Mean mom and proud

I am a mean mom because I love my kids. I respect my kids. I expect a lot from my kids. Now, they might not realize this now, but they will some day. When they question my punishments, I always tell them, if I didn’t care about them, I would let them act in any they wanted, but it’s because I care that we have rules that should be followed to be a part of our family, and there are consequences if they break these rules. My older daughter thinks my husband and I are so mean that she doesn’t like to have friends over – we are “always yelling,” according to her. I told a friend of mine this conversation and she told me I must be doing something right – wise friend.

I had an episode just this morning with said 12 year old daughter who is self conscious by nature, exacerbated by the fact that she is 12. She has a cold, she woke up late, it was spirit day at school but she kind of forgot and didn’t dress accordingly, she was generally out of sorts (not an atypical school morning). She complained about a sore throat, I gave her 2 advil and sent her on her way. No fever, plus she has a cough half the winter anyway. She was dragging her heels all morning and I was waiting in the driveway with the car running with her sister and brother in the car, when she rushed out of the house, late, barely holding it together. She told me she wanted to stay home – she didn’t feel well. I told her fine but in bed all day, no tv, no computer, and no skiing tomorrow. She balked, at which point I told her if she felt well enough to go skiing, she was well enough for school. We drove to school (a less than 5 minute drive), and as we pulled up, her eyes filled with tears. This is not an isolated occurrence, by the way. I told her – nicely mind you – to take a deep breath and pull herself together – she could do it – and to call me if she didn’t feel better by her second class.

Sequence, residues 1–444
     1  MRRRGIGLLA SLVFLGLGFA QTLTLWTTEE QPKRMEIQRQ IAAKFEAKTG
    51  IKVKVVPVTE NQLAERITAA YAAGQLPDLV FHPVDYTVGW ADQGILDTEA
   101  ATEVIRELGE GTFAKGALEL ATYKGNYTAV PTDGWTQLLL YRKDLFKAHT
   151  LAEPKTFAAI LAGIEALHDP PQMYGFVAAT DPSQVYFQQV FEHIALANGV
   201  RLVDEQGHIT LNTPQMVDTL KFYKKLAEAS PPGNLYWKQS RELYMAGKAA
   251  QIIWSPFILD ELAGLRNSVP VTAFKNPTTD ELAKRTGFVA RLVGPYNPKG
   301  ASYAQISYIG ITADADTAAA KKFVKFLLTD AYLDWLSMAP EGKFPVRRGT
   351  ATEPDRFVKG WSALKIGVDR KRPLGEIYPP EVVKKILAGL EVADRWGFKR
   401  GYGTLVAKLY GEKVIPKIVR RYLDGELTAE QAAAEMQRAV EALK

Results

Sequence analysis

Now that was not easy to do. I hated to see her upset, and what I really wanted to do was give her a big hug, go through a Starbucks drive through and get her a hot chocolate, and give her a personal day on our couch under a fluffy blanket. However, that would be doing her a disservice. I want to teach her to cope, to manage life on an an off day, and most importantly that she is strong enough to do it. I truly believe some day she will thank me for being a mean mom. Or at least I can hope.

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Rachael Ray